ELEPHANT NEWS AND UPDATES
April 17, 2015
Inclement weather reroutes elephants to San Diego Zoo
Two days ago, Woodland Park Zoo’s female Asian elephants, Bamboo and Chai, departed on a custom-built elephant transport vehicle for their new home at Oklahoma City Zoo. The caravan had to change their route in Salt Lake City due to a storm in Colorado and Wyoming that was expected to increase in severity. Because the reroute would have extended the trip a day longer, a decision was made for veterinary precautions to go to San Diego Zoo and allow the elephants to rest.
A total of three elephant experts, two veterinarians and three staff with the transportation consultant are accompanying the truck transporting Bamboo and Chai. The team has been making stops every few hours for wellness checks on the elephants and to provide food and change water.
According to Martin Ramirez, mammal curator at Woodland Park Zoo, an extra day on the road would have been challenging for Bamboo and Chai. “For their well-being, we made the proactive decision to head to San Diego Zoo. They have expert elephant and veterinary staff, the room to accommodate our elephants and the appropriate equipment on site to unload our elephants,” said Ramirez.
On arrival at San Diego Zoo, Bamboo and Chai have been unloaded from the travel crates into an indoor facility where the elephants will be in quarantine, which is standard procedure for any new animal at the zoo. The indoor facility and outdoor yard are off view to the public.
Woodland Park Zoo’s and San Diego Zoo’s veterinarians have done a preliminary health assessment on each elephant. “Understandably, just as after a long road trip ourselves, both elephants are tired and show signs of muscle stiffness. They both need the time to walk around, stretch their legs, and adjust to their new surroundings. We don’t know how long our elephants will stay at San Diego Zoo. We want to give them time to rest comfortably,” said Ramirez.
“We are extremely grateful that San Diego Zoo has opened its home to accept Bamboo and Chai at this time. We are fortunate that the expert team at San Diego Zoo is available to provide this assistance and accommodation,” said Dr. Deborah Jensen, Woodland Park Zoo President and CEO. “We are disappointed that we couldn’t continue on to Oklahoma City, but the health and welfare of our elephants come first. We did not want to keep them on the road an additional day.”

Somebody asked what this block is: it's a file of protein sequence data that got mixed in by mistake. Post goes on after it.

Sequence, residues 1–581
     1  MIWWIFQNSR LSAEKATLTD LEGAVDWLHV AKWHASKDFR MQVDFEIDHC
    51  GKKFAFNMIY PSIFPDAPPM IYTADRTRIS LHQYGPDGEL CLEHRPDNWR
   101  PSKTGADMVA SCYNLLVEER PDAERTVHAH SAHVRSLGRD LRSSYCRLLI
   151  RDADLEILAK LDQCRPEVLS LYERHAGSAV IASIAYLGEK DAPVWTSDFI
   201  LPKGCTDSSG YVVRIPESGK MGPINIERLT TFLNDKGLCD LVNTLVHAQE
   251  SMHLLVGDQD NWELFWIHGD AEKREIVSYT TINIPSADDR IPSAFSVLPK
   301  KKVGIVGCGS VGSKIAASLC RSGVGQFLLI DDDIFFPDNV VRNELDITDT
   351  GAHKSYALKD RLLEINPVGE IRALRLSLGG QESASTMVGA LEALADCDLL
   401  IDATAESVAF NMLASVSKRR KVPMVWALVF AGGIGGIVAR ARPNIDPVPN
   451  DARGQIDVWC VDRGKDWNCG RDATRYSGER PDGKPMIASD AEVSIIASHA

“The Oklahoma City Zoo team stands ready to assist in any capacity for Bamboo, Chai and our Woodland Park Zoo colleagues. Collaborative efforts among Association of Zoos & Aquariums (AZA) accredited zoos including Woodland Park, San Diego and Oklahoma City continue to focus on the safety, well-being and preservation of the animals in our care,” said Dr. Dwight Lawson, Oklahoma City Zoo Director and CEO.
San Diego Zoo’s Elephant Care Center opened in 2009. San Diego Zoo currently has a mixed Asian and African elephant herd in which the six females are socially integrated and a bull lives separately.
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April 15, 2015
Elephants are on the road to Oklahoma City Zoo
A new chapter began for female Asian elephants Bamboo and Chai when they stepped into elephant-sized travel crates, were loaded on the flatbed truck, and left Woodland Park Zoo for their new home at Oklahoma City Zoo. The truck pulled out at 6:15 p.m. PST today, April 15.
Bamboo, 48, and Chai, 36, were the last remaining elephants at Woodland Park Zoo. Their departure came after four months of planning to ensure they can join a family of Asian elephants and live in a socially enriching environment.
The 2,000-mile journey to Oklahoma City will take approximately 35 to 40 hours. A total of three elephant experts, two veterinarians and three staff with the transport consultant are accompanying the truck. The trip will be straight through except to stop every few hours to check on the animals’ well-being and to provide food and change water; the elephants will have continuous access to water during the trip, not just at stops. The truck has a 65-gallon water tank, which will be refilled as needed along the way.